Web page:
Some feel the White House is rushing that process in an effort to lower the intensity of fighting.

“They’re calling to move to the next phase of the war before victory’s been achieved in this phase,” said Michael Doran, Senior Fellow and Director at the Hudson Institute’s Center for Peace and Security in the Middle East. “The U.S. messaging is somewhat schizophrenic. On the one hand, the President and senior officials said repeatedly that they support Israel’s stated war aims. At the same time, they’re demanding changes that hinder military activity.”  

Some of America’s messaging about tactics in Gaza, and more on other fronts, especially the Lebanese border, is aimed at preventing the war from escalating and drawing other Iranian proxies into a regional conflict.

Attacks by Hezbollah in Israel’s north and by Houthi rebels on international shipping led the U.S. and, more so, European countries, to be wary of the risks of spreading the conflict. Most observers think this is part of a very conscious campaign by their sponsor, Iran.

“It gets more people to call for an immediate ceasefire,” said Mr. Daoud. “Iran- backed militias attacking U.S. targets is a way of making America pay the price for its Israel support and to push them to restrain the Israelis.”

Yet, most of the Biden administration’s messaging on Gaza is aimed at lowering the numbers of civilian casualties, which has garnered harsh criticism internationally and in some segments of the American left.

There have been several media reports on dissent cables and letters from employees in various branches of the federal government and the White House itself calling on President Biden to call for a ceasefire. Such coverage gives the impression that the President’s calls for restraint are a response to dissent from within the administration.

Mr. Daoud said that based on his conversations with people in government, these voices have little role in policy.

“I can’t say that the internal dissent is insignificant, but most say it’s exaggerated,” he said. “The federal government is huge; a few hundred people signing a letter might not mean much.” 

Placating the international community, especially allies in the Arab world, likely plays a role in the administration’s desire to shift Israel to a more targeted strategy. Yet, there is broad consensus that the key motivator is domestic politics.

“At the end of the day, this is an election year in the U.S. Whatever the President feels about Israel’s campaign, he wants to attract the progressive vote in November,” said Mr. Daoud. “The price Israel has to pay for America’s full support is to minimize civilian casualties.”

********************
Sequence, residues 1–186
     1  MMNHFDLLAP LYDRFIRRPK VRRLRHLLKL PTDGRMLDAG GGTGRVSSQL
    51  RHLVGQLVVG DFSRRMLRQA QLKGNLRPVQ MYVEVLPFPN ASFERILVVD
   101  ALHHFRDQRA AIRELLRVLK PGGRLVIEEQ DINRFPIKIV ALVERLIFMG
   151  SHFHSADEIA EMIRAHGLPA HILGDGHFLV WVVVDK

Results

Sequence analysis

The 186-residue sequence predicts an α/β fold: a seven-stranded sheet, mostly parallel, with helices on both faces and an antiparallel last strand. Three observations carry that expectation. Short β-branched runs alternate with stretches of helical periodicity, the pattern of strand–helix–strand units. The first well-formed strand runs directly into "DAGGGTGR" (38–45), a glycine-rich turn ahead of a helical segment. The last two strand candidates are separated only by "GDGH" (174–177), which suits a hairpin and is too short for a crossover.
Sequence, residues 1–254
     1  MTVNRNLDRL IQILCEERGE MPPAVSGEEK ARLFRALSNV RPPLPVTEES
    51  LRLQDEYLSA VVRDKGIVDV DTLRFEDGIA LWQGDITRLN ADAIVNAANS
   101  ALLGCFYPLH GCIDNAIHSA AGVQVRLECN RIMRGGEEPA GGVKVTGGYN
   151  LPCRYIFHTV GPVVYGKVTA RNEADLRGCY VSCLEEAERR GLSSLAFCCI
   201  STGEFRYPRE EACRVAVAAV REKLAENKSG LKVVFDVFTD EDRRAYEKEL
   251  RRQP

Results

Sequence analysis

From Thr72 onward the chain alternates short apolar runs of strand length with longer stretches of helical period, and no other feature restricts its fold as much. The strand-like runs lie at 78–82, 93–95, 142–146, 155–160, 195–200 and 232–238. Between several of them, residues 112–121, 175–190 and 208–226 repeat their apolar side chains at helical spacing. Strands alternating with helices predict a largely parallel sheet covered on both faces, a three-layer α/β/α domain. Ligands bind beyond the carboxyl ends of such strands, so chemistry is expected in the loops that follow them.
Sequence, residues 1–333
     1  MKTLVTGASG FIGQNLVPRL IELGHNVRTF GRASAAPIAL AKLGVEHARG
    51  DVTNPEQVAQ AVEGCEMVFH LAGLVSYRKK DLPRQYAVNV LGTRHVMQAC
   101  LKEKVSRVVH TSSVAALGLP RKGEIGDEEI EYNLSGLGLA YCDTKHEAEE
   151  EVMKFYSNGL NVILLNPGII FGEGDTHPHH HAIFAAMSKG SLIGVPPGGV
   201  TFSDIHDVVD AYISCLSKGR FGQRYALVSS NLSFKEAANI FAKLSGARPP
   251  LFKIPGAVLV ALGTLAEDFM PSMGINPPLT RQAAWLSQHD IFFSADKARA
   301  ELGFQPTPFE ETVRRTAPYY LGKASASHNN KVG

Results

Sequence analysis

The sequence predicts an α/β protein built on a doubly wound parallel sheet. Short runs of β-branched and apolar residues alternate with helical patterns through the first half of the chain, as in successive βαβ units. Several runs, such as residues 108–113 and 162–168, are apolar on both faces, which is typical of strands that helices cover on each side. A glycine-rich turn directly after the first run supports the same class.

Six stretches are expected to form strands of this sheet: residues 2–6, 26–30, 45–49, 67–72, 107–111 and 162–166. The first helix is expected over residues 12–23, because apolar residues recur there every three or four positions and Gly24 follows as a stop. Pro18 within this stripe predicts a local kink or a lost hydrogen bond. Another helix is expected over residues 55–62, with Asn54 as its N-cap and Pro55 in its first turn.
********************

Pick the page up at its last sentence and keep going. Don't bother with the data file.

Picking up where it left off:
This reality, especially given President Biden’s vulnerable position in national polls, leaves the administration trying to pursue goals that at times conflict.

“There was no way, after October 7, [that] Biden was going to tell [Israel] not to go into Gaza; he realizes this is in America’s interests as well, as do a lot of other Democrats. But the Democrats have progressives who absolutely abhor the administration’s support for Israel’s war effort; they don’t like the basic idea of U.S.-Israeli cooperation,” said Mr. Doran. “Their position became two sets of talking points, one for each side. It’s a way to straddle two constituencies, but it’s not a coherent military strategy.”

Israeli soldiers from the 8717 Battalion of the Givati Brigade operating in Beit Lahia, in the northern Gaza Strip, December 28. (Yonatan Sindel/Flash90)


Irrespective of motivations, Israel has an obvious interest in keeping the Biden administration on its side as the war continues. If the White House’s key concern remains lowering the number of civilian casualties, there is room for optimism. As Israeli operations progressed, Palestinian casualty rates steadily dropped. It is likely that trend will continue as it transitions to the next phase of its operations.

Dr. Cohen thinks that Israel can satisfy much of what the Biden administration is calling for in Gaza, but that there will still be a difficult road ahead.

“Israel can please Biden and accomplish its goals. They can make sure their attacks have a higher yield and do more in terms of humanitarian aid,” he said. “This will still be a very bloody operation, though. There’s a lot of rhetoric saying this can be a totally surgical campaign. There are ways to make it more surgical, but they need to be realistic about what needs to be done.”